The no poo movement is not what it sounds, it’s in reference to ditching the suds in shampoo during your bathing routine. While this still sounds pretty disgusting, it’s really not. The shampoo industry wants you to believe that your hair will not be clean or manageable unless you lather up with their product. What shampoo actually does is strip your scalp of your natural oils called sebum – a natural conditioner; your scalp then goes into over drive to produce more oil, thus making you want to wash your hair more – the vicious cycle. It’s the foaming agent in shampoo that does the most harm, the chemical called sodium lauryl sulfate which is a toxic detergent that irritates the skin causing dandruff and itching. Heck, the stuff even stays detectable in your body for 5 days after use! So the movement began to ditch the poo (or we’re just getting back to our roots /pun).
There are various benefits to no poo including no dandruff, beautiful healthy hair, lustrous shine (read: not greasy), more body, more manageability, holds a style, less fly-aways, seriously – the list goes on! There are many ways to get to this goal and it all depends on hair type really. Some just use water to wash their hair, others add in a weekly or 2x a week baking soda scrub (equal parts baking soda and water) and apple cider vinegar conditioner (equal parts ACV and water) and brushing your hair before showers to loosen the oil. Hair type will also factor in ease and time it will take to get these gorgeous results. At minimum, expect a few weeks of ick for your scalp to get back to normal (before you started abusing it every day with abrasives). The followers are largely women with thick wavy or curly hair, but I decided give it a go regardless of my limp baby fine thin hair.
Well before I started this, I was washing my hair every other day for 2 years beforehand. I still got greasy on that day that I shampooed! Now I ‘wash’ with water every day, taking the time to massage my scalp as if I were shampooing. Here’s my experience:
Day 1: I started after a no-wash day so my hair had a definite grease factor to it. I keep my hair in a ponytail most of the day anyway
Day 2: I noticed that my hair tends to stick together in the shower like one big long clump, and when I wake in the morning it is a bit crunchy (I shower before bed)
Day 3: Holy dandruff! I brushed before my shower to get everything loose and even then my nails collected some scalp cheese during my wash
Day 4: Dandruff is gone, grease is there about 2″ down the hair follicle. ponytail it is
Day 5-7: No change. Unless my hair is down, you can’t really tell that it’s greasy
Day 8-16: Still 2-3″ of grease factor but you can’t tell when it’s up. There is no smell. I do notice a bit of wave coming to my otherwise straight as a board hair. And I’m getting more volume further down the follicle. Hadn’t had a need for conditioner which is surprising
Day 16-33: Every now and again I’ll get an itchy scalp with a very little dandruff. I’m still on water only and still have a grease factor. I noticed my white pillow case was getting a little yellow so I washed the sheets and then washed my hair with half baking soda and half water. It came out like I washed it, and the next day was not greasy. May be worth it to do every other week.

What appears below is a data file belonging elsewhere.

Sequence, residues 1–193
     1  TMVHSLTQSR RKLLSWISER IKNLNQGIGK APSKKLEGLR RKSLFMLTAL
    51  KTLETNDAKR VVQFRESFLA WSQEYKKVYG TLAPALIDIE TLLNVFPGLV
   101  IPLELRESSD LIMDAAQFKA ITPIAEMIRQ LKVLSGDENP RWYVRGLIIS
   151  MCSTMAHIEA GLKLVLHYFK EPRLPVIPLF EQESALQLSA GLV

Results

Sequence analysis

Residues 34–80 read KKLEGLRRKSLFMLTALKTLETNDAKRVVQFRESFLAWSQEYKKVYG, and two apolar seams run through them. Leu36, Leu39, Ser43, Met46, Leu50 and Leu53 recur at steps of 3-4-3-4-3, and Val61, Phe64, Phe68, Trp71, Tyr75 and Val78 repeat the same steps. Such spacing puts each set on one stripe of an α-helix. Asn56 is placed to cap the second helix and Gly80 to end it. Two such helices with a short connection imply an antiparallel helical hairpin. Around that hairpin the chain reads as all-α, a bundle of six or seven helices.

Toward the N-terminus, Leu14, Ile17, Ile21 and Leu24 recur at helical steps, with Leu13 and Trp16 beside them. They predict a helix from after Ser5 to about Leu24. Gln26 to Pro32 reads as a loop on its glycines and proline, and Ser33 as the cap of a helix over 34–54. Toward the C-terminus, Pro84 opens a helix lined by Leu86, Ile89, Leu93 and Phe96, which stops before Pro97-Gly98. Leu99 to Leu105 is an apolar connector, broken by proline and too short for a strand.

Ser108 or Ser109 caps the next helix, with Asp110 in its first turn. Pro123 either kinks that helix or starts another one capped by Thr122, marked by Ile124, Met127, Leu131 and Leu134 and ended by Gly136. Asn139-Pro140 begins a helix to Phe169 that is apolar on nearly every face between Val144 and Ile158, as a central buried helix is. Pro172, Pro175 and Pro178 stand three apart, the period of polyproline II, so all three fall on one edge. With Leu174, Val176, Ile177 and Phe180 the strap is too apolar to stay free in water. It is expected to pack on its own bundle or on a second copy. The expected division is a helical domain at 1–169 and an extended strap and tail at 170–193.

Month 2: I’m using baking soda and water once a week, I’m still a little greasy the couple days leading up to the baking soda wash. I use coconut oil the day before a wash to condition my hair ends. I have some frizziness that will hopefully resolve.
Month 3: Switched to every other week on baking soda, grease has gone down finally. Debating on dying my hair but I’m not too comfortable with adding chemicals. Arrgh.
Month 4: Ended up dyeing my hair and guess what? The color came out just as fast as shampooing. I found out the baking soda essentially strips the color. Oh well. I cut out the baking soda almost completely (except after I came in contact with a possible tb patient at work and felt like I needed to extract any yuckies). After doing baking soda I notice that my hair spends a few days being greasy shortly after a day of wonderful fluff.
Month 5-7: I’ve been experimenting, mostly just washing my hair with water only and using coconut oil to condition. Today I found this article and am baffled! http://eatlocalgrown.com/article/13831-baking-soda-destroyed-hair.html?c=jer I noticed the ends of my hair was starting to go dry versus the lustrous shine I read about, getting breakage and some dander which was promised to disappear. Now I’m on to finding a baking soda alternate, though it’s doing wonders for my face washing with it. This article might be worth a shot.
Month 8: I tried egg and that is full of trial and error so far. I read that you use with cool water so the egg whites do not “cook” and stick in your hair. I took a hot shower first and saved the hair for last, maybe the room was too steamy or I thought the water was cooler than it was but I still ended up with a few bits of white. Also, the process of getting the egg in my hair was full of fail – I cracked it in a cup after shaking it to scramble (thanks pinterest), then shook the cup to actually scramble it and started to pour on top of my head which promptly went right down to the floor. I have a game plan for next time as this shouldn’t be done more than once every 2 weeks.
Month 9: I have added in rye flour once a week, my hair still would like to be washed with at least water every day, but I’ve been washing with water every other day. The days of no water are still greasy.
1 year update: I still haven’t found the happy medium for my hair but I do have a routine down now. I alternate between 1 day of sulfate free shampoo a week and the next week do 1 day of rye flour. I love the rye because it works and leave my hair silky but it’s a mess and sometimes makes my scalp itchy if I don’t get it all out.